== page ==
Violence and dark comedy
Nathan: Since we all watched Los Angeles Plays Itself, I’ve seen a lot of films through that film’s filter, particularly Dan Aykroyd’s adaptation of Dragnet, and RoboCop, which almost plays like a parody of Dragnet taken to its satirical ends. RoboCop’s hero doesn’t just act robotic and stiff: He literally is a robot, and before he reconnects with his humanity, he behaves like a machine built to serve a specific commercial function. RoboCop gets a lot of big, dark laughs out of the disconnect between the icy formality of RoboCop’s simple directives and the brutality of his actions. The film’s violence is often exaggerated for maximum impact, and played for laughs of squirming discomfort, like the scared-shitless executive who’s obliterated due to a glitch in his company’s new product. RoboCop isn’t a subtle movie by any stretch of the imagination, but it does feature some wonderfully subtle gags, like the hulking death-robot stumbling to its doom, because while it can deliver death in great volume, it’s incapable of negotiating stairs.
RoboCop is gloriously, deliberately excessive, but there’s a moral component to the excess. Verhoeven wants us to laugh grimly at the hyperbolic violence, but there’s something incriminating about that laughter as well. As in his subsequent satires, Verhoeven makes viewers complicit in the hyperbolic action, so the laughter has a tricky aftertaste, The film may be stylized like a comic book, but morally, it’s anything but simple.
Tasha: I’m often dubious about the lurid violence in Verhoeven films. In interviews, he constantly returns to variations on the old “I’m just reflecting society” / “I’m just portraying reality” chestnut, but frankly, that’s hypocritical baloney. There’s nothing realistic about the cartoon violence in RoboCop, which features a man being shot such that his arm leaps away from his shoulder, with a velocity that suggests an offscreen stagehand tugging overenthusiastically at a prosthetic. It also features a man driving into a vat of toxic waste, emerging as a hideously melting mutant, then getting hit by a car in a way that turns his body into goo and makes his head pop off. There are some giggles in all this, but they’re the mildly discomfited, disbelieving giggles of “This is so over-the-top.” What bothers me about Verhoeven and violence, though, is that he talks a lot about morality and responsibility and exploring the issues violence raises, but in the end, he always seems to be enjoying his gore too much. The way the camera lingers on Murphy screaming, and being shot, and screaming, and being shot, and exploding in gouts of blood, and screaming some more, and being shot some more… that isn’t sober, responsible exploration of the themes and consequences of violence, that’s death-porn.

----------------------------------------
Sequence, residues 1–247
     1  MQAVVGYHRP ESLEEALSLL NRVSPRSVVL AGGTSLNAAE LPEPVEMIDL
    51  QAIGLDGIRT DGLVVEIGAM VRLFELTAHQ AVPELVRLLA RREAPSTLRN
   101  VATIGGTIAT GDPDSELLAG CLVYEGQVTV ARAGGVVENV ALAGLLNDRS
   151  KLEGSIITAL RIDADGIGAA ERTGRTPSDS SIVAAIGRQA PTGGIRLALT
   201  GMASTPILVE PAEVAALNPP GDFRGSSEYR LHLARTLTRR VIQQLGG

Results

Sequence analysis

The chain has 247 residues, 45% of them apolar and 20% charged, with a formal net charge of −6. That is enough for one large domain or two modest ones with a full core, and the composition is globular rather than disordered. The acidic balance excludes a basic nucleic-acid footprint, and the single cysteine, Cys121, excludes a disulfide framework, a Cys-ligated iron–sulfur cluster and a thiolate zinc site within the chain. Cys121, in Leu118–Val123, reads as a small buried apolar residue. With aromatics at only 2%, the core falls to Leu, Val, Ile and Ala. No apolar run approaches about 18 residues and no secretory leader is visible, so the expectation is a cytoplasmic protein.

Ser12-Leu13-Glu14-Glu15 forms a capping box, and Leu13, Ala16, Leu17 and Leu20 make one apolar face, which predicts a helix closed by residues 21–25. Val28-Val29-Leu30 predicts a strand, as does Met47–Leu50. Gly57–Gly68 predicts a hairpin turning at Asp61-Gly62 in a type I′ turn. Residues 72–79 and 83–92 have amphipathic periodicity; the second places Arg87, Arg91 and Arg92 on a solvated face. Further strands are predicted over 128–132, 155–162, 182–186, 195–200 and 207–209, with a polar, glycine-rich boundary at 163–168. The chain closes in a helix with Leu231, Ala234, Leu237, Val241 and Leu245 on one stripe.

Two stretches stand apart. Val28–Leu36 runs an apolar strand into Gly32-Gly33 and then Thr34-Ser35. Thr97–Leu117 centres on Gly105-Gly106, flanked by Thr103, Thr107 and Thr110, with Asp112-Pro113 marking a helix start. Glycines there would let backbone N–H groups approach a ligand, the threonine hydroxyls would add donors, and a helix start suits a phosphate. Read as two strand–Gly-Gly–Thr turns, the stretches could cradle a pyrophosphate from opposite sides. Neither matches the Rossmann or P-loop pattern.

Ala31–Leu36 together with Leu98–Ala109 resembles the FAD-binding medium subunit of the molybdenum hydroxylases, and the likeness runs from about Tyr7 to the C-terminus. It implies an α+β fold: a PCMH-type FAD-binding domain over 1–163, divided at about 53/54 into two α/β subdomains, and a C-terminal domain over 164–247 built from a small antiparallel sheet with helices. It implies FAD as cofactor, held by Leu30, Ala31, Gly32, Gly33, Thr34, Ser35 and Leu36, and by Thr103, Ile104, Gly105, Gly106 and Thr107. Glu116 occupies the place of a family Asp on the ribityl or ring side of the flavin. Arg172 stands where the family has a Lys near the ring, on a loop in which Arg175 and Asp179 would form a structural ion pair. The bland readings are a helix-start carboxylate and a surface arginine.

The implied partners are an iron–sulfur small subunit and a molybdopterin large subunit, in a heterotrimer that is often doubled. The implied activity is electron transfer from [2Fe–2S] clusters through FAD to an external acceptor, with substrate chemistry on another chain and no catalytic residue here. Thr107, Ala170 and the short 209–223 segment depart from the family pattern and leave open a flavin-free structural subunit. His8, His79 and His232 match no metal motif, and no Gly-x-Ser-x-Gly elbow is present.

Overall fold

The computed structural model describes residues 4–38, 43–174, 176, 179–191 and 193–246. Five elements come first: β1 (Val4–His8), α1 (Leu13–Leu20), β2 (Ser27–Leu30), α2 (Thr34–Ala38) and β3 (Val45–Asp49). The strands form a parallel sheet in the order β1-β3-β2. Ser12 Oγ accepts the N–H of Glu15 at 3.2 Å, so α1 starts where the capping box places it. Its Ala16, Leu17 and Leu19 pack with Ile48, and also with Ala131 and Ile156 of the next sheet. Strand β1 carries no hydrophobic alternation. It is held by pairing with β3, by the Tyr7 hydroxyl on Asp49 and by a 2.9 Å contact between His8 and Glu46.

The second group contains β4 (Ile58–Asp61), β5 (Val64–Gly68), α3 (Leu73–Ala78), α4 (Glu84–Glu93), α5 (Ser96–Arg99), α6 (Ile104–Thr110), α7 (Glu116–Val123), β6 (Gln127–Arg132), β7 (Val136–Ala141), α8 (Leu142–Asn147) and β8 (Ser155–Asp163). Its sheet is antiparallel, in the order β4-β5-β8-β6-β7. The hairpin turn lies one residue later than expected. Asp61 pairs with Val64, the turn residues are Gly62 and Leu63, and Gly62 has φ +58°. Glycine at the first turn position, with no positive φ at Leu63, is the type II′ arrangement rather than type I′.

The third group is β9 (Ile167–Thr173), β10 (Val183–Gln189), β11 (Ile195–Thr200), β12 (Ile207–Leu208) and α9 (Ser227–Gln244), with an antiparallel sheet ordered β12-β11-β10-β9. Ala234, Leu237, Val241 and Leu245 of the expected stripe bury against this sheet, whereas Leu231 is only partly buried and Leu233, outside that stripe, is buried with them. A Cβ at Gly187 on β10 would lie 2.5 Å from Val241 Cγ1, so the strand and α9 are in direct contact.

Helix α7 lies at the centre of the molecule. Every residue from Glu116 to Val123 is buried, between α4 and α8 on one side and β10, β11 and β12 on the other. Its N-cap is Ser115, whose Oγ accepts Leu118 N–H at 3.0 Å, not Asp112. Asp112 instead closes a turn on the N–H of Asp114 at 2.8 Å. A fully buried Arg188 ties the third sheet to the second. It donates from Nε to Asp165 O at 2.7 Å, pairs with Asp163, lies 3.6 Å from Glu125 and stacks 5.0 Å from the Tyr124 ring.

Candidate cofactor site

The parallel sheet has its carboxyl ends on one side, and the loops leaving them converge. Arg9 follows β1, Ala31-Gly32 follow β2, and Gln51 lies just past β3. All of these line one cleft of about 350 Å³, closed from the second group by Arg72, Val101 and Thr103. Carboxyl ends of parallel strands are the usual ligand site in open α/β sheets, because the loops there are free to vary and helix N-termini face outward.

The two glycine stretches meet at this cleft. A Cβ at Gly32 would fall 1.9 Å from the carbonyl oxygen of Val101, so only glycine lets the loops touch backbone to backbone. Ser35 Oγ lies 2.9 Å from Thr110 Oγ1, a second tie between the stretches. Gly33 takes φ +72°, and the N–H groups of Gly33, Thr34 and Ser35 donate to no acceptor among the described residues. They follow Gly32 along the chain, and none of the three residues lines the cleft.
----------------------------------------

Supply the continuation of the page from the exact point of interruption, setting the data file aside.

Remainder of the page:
Scott: A couple of things on Verhoeven’s quote, Tasha: 1. What a director says about his own work isn’t terribly relevant to my mind—that’s the fallacy of intent, and his actual work should not be considered “hypocritical" because of something he said. 2. Even if you look at what Verhoeven is saying about violence “reflecting society,” should we really take that so literally? When a heavy comes crawling out of toxic sludge like Lloyd Kaufman’s famous avenger, is it really fair to knock Verhoeven for not being more realistic with his violence? As it happens, RoboCop does reflect the world in which we live—or the world that he perceives, anyway—but more in the sense of violence as a threat that not only comes from the criminal kind, but from the militaristic institutions that are supposed to keep us safe. To me, RoboCop is extravagantly violent in the comic-book mode, and Verhoeven often employs that excess to comic effect, like when ED-209’s programming glitch leads to a bloodbath of hilariously absurd proportions. That’s the sort of strategy the film employs throughout, and I think Verhoeven’s instincts with regard to violence and comedy are dead on.
Tasha: We’ve had the “Extratextuals: Do they matter?” conversation many times before, most recently on the Dissolve podcast, and we probably won’t ever fully come to terms on that question. But I’m getting at something different here. To clarify, I’m not suggesting we should analyze the film’s violence by way of Verhoeven’s quotes about it, I’m suggesting analyzing Verhoeven by what he says about the film’s violence. Frankly, I like the movie’s go-for-broke, over-the-top aesthetic more than I like Verhoeven’s wishy-washy responsibility-dodging. I’m uncomfortable with the film’s gleeful lingering over Murphy’s protracted shooting death, and I feel that overall, Verhoeven loves his squibs and arterial sprays too much. But I’m more pointing out that I don’t buy what Verhoeven’s peddling offscreen, because the violence in RoboCop is so happily, goofily absurd. I laughed at the monumental overkill of ED-209 blowing Kinney away, and at Emil exploding into a shower of mutant goo with a head bouncing away over the car that kills him. There’s nothing inherently wrong with comedic cartoon violence. I just think it’s silly to pretend that cartoon violence is somehow teaching us something about society and ourselves.
Matt: I just want to disagree with one point. There are not “some” giggles in the sight of a toxic-waste-spawned mutant exploding into goo upon impact with a speeding car. There are, in fact, many giggles. Many, many giggles.